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Blood. 2003 Aug 15;102(4):1217-23. Epub 2003 Apr 24.

Influence of extracorporeal photopheresis on clinical and laboratory parameters in chronic graft-versus-host disease and analysis of predictors of response.

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  • 1St John's Institute of Dermatology, St Thomas' Hospital, London, England. edseaton@doctors.org.uk

Abstract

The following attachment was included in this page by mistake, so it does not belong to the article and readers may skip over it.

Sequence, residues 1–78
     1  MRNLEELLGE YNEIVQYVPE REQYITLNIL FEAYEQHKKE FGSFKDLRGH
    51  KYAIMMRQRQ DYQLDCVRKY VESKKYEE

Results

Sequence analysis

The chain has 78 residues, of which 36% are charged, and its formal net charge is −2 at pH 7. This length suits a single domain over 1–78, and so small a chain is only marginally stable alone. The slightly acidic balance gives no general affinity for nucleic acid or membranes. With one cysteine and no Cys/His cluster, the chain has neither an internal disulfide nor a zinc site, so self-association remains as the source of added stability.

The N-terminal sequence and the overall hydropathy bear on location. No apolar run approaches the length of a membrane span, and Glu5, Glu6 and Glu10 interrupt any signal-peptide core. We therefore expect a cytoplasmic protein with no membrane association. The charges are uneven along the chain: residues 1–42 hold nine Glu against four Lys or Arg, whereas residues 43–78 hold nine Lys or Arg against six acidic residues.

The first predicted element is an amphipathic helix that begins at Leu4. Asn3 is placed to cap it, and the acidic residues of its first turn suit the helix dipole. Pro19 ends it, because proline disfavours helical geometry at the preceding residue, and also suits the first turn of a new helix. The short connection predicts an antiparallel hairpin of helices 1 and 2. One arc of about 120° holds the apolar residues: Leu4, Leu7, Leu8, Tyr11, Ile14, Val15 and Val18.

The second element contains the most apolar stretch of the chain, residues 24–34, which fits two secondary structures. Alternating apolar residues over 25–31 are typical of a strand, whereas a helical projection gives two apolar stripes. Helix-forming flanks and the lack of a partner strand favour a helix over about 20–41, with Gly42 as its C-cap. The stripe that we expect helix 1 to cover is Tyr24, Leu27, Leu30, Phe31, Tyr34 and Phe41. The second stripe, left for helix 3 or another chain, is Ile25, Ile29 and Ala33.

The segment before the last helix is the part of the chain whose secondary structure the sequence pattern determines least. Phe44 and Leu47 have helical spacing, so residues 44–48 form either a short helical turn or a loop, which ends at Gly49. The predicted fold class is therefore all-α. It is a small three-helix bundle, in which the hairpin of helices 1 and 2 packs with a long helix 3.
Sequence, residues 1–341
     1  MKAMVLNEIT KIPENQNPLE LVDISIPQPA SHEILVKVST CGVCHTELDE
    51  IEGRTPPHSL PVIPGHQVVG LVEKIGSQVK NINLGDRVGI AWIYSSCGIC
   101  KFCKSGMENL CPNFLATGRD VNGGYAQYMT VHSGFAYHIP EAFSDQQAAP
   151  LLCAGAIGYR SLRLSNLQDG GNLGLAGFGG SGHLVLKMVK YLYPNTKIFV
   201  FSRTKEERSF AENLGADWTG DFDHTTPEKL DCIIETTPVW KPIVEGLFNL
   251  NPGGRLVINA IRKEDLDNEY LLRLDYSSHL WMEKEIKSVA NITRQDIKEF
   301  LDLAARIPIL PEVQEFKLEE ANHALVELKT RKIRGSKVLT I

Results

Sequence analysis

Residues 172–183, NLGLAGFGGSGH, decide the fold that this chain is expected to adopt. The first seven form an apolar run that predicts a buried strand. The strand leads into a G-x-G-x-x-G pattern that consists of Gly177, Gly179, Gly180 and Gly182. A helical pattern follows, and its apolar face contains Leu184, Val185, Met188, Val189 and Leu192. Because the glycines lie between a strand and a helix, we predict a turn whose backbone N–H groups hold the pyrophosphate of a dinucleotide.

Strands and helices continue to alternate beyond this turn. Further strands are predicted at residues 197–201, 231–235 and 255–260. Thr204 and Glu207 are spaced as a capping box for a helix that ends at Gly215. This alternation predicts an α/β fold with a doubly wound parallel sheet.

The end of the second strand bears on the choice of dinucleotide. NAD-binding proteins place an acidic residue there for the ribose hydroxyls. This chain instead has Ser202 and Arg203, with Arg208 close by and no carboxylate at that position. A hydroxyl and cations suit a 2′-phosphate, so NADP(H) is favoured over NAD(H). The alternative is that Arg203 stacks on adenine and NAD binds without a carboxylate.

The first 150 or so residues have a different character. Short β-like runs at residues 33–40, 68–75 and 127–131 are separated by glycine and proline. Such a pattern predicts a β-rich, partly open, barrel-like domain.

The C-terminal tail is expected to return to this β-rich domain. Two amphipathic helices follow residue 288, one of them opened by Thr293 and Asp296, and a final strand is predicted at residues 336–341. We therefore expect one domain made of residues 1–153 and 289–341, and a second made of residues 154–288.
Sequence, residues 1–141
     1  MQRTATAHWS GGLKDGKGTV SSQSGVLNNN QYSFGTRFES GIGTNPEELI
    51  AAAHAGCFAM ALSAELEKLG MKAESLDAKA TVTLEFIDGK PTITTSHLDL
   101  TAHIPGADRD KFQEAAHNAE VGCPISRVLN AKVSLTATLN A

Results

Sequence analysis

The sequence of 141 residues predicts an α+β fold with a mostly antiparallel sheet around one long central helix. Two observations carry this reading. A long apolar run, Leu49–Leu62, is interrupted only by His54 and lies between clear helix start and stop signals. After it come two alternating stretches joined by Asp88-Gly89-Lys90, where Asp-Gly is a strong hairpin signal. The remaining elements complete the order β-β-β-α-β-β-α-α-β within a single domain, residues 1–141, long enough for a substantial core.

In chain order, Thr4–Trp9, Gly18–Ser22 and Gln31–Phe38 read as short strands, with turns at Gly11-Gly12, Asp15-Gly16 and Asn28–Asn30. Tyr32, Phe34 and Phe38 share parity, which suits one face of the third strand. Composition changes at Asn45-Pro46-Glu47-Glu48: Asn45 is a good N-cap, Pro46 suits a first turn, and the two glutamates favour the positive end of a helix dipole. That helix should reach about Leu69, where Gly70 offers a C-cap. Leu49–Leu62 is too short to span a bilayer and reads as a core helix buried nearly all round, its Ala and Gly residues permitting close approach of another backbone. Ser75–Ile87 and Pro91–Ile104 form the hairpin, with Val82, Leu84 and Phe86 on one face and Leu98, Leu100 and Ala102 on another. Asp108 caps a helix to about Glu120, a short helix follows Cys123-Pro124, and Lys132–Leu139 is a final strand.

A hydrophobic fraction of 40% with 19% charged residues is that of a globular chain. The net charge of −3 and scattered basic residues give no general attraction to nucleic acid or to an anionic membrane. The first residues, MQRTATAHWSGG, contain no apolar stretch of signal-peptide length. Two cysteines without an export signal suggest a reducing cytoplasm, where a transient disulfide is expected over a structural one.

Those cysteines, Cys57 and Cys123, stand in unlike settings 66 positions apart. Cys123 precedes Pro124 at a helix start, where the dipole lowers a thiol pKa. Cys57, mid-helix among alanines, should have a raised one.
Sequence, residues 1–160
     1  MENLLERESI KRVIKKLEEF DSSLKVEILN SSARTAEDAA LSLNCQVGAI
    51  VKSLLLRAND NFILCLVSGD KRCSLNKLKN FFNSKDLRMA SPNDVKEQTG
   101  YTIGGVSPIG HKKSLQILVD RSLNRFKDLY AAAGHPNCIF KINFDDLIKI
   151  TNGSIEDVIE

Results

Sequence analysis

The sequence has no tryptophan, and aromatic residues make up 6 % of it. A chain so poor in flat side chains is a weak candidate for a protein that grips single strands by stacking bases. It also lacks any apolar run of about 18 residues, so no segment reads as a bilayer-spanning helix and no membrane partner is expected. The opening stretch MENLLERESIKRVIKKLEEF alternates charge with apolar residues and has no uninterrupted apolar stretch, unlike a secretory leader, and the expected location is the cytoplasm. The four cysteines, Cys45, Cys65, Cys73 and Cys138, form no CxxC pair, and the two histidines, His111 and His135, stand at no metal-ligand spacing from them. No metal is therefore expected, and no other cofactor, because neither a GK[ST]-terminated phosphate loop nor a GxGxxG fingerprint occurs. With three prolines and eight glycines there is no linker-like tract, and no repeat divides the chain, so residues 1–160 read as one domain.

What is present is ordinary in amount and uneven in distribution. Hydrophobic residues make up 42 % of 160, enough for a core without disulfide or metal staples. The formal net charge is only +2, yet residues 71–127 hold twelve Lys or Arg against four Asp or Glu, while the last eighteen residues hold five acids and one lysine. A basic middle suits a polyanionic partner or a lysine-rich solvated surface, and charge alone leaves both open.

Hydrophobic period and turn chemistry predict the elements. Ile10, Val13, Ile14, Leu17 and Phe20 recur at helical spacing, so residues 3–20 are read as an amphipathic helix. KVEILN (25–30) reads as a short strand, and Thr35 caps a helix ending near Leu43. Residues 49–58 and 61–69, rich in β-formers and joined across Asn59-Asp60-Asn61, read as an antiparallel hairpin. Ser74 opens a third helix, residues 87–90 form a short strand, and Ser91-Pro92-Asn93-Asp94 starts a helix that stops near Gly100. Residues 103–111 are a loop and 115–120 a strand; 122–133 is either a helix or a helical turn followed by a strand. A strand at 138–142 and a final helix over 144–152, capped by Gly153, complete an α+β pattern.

We report 28 patients with advanced chronic graft-versus-host disease (cGVHD) treated with extracorporeal photopheresis (ECP). All had failed conventional immunosuppressive therapy. Of the patients, 27 had extensive cGVHD and 20 had more than 50% cutaneous surface area involvement. ECP was initiated approximately 2 years after onset of cGVHD and 3 years following allogeneic stem cell transplantation and administered fortnightly for 4 months and then monthly. Response was assessed using quantifiable disease measures, including skin score, liver function tests (LFTs), blood counts, and lung function tests. Regression analysis allowed assessment of any pretreatment clinical or laboratory parameters that predicted response. There were 25 patients who completed 3 months and 21 who completed 6 months of treatment. Systemic immunosuppression was stable or reduced in 86% of patients. There were 3 patients who died from cGVHD. After 6 months, median skin scores were 53% lower (P =.003) in sclerodermoid and lichenoid disease. Of 6 patients with mucosal ulceration, 3 improved. A nonsignificant improvement of LFTs occurred. We infer that ECP is effective even in patients with extensive cutaneous cGVHD of 2 years duration that is resistant to conventional therapy. Furthermore, both sclerodermoid and lichenoid subtypes responded. However, no baseline parameters predicted a favorable response to ECP, so patient selection must continue to be made on clinical grounds.

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